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Old 07-19-2013, 10:35 AM
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From an acoustics point of view, the main thing is to build it solidly enough that it doesn't resonate audibly. Filling it with insulation (or sand) will help also.

I have seen people try to integrate bass traps into a riser, but in general that's not effective unless the air in the room can get to the absorbent material under the riser, which would entail using some sort of metal grate as the floor of the riser. More trouble than it's worth, imho, because even if it is successful having a bass trap on the floor is probably not the most effective place for them in the first place.
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Old 07-19-2013, 06:03 PM - Thread Starter
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Quote:
Originally Posted by JWL-Realtraps View Post

From an acoustics point of view, the main thing is to build it solidly enough that it doesn't resonate audibly. Filling it with insulation (or sand) will help also.

I have seen people try to integrate bass traps into a riser, but in general that's not effective unless the air in the room can get to the absorbent material under the riser, which would entail using some sort of metal grate as the floor of the riser. More trouble than it's worth, imho, because even if it is successful having a bass trap on the floor is probably not the most effective place for them in the first place.

Glad to hear that because I didn't want to go into all the tuning people were talking about. Thanks

Lowell


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Old 07-19-2013, 06:46 PM
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Quote:
Originally Posted by blipszyc View Post

Lesson's learned from a construction perspective - cut your top boards FIRST. I secured my top board to the joists first and then tried to trim to size. When I got to the edges near the walls, I couldn't cut all the way because my saw ran into the wall, leaving me with small "tabs." I ended up cutting those off with an oscillating tool, but it caused me a delay since I didn't have that tool in my collection.

When I can't get any closer to the wall I either grab an old fashion Hand Saw or my new fangled multi-tool.
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Old 07-20-2013, 06:04 AM - Thread Starter
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I forgot to mention one more thing. My riser will not be fixed in place. It will fit snuggly to the back and side wall, but I have to be able to slide it back on fourth on a very rare occasion. Do I put plywood on the floor and the bottom, or just leave the bottom open? How much insulation or filler do I put in? It's going to be 12" high, do I use 2x12s for the joists as well. Total size will be 12.5 wide by 6' deep. Bigmouth, I hear what you are saying about the reclining length and where I should put the front row, but does the bottom or front row need to butt up against the riser?

I was thinking a very simple rope light across the front. I don't plan on having an electrician come in. Will that work?

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Old 07-20-2013, 09:29 AM
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The back of the front row does not need to bump up close to the riser, leave enough room for your guests to accidentally step off the riser in the dark and break a leg.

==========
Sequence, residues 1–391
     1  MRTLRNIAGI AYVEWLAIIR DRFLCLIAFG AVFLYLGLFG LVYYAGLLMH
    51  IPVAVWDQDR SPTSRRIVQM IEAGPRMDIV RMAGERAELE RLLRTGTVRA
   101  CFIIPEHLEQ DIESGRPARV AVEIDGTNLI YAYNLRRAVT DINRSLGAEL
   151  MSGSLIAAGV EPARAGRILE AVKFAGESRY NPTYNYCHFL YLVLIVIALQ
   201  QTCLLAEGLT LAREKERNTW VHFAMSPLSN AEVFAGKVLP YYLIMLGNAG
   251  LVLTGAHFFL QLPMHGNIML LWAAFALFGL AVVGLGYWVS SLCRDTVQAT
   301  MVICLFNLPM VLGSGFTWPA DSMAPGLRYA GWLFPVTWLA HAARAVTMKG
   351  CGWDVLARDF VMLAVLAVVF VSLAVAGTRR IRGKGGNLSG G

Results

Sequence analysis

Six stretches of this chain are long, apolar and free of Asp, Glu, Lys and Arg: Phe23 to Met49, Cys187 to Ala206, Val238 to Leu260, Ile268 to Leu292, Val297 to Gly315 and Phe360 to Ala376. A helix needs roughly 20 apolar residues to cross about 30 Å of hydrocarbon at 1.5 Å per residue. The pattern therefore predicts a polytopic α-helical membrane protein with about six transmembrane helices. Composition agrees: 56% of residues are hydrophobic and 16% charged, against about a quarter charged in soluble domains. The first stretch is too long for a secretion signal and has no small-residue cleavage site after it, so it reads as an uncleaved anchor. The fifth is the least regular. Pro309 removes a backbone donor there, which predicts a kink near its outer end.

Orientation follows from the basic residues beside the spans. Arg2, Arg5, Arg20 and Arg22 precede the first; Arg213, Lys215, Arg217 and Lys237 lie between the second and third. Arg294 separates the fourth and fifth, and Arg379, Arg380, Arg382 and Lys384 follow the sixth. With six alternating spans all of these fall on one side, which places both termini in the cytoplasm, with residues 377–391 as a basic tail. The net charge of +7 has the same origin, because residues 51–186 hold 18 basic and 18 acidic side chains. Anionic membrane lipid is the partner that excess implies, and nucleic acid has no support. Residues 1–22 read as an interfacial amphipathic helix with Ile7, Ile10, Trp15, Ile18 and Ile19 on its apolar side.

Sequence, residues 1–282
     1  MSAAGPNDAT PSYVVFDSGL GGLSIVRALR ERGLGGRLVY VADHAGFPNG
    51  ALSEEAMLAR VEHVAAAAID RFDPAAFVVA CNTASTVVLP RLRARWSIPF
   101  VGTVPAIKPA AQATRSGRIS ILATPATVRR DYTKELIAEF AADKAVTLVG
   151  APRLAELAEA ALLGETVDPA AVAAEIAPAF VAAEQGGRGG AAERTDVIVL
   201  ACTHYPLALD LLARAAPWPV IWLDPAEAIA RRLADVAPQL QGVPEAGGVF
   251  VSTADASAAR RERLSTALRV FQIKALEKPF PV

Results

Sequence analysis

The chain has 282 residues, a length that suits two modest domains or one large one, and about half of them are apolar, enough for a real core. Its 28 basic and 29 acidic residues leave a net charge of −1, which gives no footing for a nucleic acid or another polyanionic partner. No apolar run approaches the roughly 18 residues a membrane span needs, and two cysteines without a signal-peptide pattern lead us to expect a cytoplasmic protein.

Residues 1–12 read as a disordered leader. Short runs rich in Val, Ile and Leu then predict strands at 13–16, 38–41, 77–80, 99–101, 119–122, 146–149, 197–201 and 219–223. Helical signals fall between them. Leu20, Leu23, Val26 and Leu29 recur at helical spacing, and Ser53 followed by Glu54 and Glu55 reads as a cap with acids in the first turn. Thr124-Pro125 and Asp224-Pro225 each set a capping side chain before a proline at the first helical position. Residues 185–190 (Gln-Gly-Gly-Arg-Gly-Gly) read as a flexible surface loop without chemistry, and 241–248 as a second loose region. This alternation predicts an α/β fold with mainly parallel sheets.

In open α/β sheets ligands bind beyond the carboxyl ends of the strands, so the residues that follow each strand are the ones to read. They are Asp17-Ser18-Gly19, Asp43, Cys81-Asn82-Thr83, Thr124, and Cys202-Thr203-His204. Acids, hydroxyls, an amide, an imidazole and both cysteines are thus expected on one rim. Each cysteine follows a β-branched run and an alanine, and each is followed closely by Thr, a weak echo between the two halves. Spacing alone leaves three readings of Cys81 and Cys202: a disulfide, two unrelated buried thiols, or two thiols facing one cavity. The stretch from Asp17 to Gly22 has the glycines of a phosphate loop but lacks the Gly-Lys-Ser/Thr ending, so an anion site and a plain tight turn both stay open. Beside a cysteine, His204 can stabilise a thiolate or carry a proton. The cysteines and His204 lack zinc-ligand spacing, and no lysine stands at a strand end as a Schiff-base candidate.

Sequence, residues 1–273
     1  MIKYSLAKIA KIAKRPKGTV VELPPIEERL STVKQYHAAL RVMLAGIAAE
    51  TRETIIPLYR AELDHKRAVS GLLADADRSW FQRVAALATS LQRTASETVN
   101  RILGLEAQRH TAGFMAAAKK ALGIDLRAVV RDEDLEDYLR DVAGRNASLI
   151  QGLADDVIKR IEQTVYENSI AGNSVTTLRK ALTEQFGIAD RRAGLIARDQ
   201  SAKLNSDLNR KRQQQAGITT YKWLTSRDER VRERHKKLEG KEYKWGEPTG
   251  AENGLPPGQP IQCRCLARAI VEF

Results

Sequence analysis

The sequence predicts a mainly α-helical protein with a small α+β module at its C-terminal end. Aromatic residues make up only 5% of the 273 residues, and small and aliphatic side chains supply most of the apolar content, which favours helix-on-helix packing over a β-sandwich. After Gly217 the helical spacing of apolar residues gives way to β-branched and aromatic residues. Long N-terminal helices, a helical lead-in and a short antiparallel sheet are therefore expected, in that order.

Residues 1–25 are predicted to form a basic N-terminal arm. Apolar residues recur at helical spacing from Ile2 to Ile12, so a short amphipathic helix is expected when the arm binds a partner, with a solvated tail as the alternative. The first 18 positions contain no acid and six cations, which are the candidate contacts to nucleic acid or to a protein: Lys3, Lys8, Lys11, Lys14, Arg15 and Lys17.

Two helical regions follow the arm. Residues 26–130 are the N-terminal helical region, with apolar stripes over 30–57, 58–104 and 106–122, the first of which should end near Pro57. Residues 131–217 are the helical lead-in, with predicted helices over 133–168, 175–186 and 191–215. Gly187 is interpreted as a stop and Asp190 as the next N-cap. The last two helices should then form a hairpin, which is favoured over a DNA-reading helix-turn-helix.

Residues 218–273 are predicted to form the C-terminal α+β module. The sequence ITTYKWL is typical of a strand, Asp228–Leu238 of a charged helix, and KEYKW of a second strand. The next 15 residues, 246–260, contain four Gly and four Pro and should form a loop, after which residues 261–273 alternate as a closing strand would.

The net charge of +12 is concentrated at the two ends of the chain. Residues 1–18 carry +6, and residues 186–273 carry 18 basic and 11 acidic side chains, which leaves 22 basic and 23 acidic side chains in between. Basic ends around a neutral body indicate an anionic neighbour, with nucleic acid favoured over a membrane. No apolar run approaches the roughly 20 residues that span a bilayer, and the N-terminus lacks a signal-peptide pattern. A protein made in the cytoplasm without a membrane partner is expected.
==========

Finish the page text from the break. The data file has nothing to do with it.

Another note, A riser the size you are building, isn't going anywhere. It will be very heavy (assuming you use best building practices) If there is something you need access to you need a plan B.

Build your riser with a perimeter of 2x12s but save money and run 2x8s (or 10s) with mid span supports for the internal joists.

IMG_0019_zpsd3809b63.jpg
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Old 07-20-2013, 10:12 AM - Thread Starter
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I do need access to something. My HT is half bedroom half 4th garage tandem bay. The access panel to the gas for the fireplace will be behind the riser. I was thinking of placing the riser on some of those large carpet glides for heavy furniture.

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Old 07-20-2013, 10:40 AM
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What is the black liner under the riser?
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Old 07-20-2013, 03:43 PM
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The black is roofing felt.


Don't expect to be able to move the riser - even if you build it on wheels. You'll want to leave the riser open in the area of the gas valve or whatever else. Cover the open area with an access panel - maybe just a piece of plywood covered in carpet. Leave holes or notches like a man-hole cover or sewer grate.
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Old 07-20-2013, 03:47 PM
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build a trap door/hatch for access to the gas shut off. I'm doing a project now where we will have a carpeted trap door in the corner for the sump pump, no pictures yet. Post a picture of your area where this gas valve is and collectively we may have some design ideas of how to skin this cat.
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Old 07-20-2013, 04:44 PM - Thread Starter
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Here are the pics




First, even with out the furniture on it I shouldn't expect to move it?

However, I am beginning to think it's a not issue. The door swings open 12", but there is nothing inside that you can get to other than a couple of elbow joints for the gas. The actual gas valve is at the front of the fireplace in the bricks. To top it off I don't think we have even used it more than once in the 9 years we have lived here.

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Old 07-21-2013, 05:59 AM
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I would modify the hatch so that instead of a hinged affair it is secured by a couple of screws above riser height then build the riser away from the wall a little bit so that you can slide the hatch up and reach in if you ever have the need.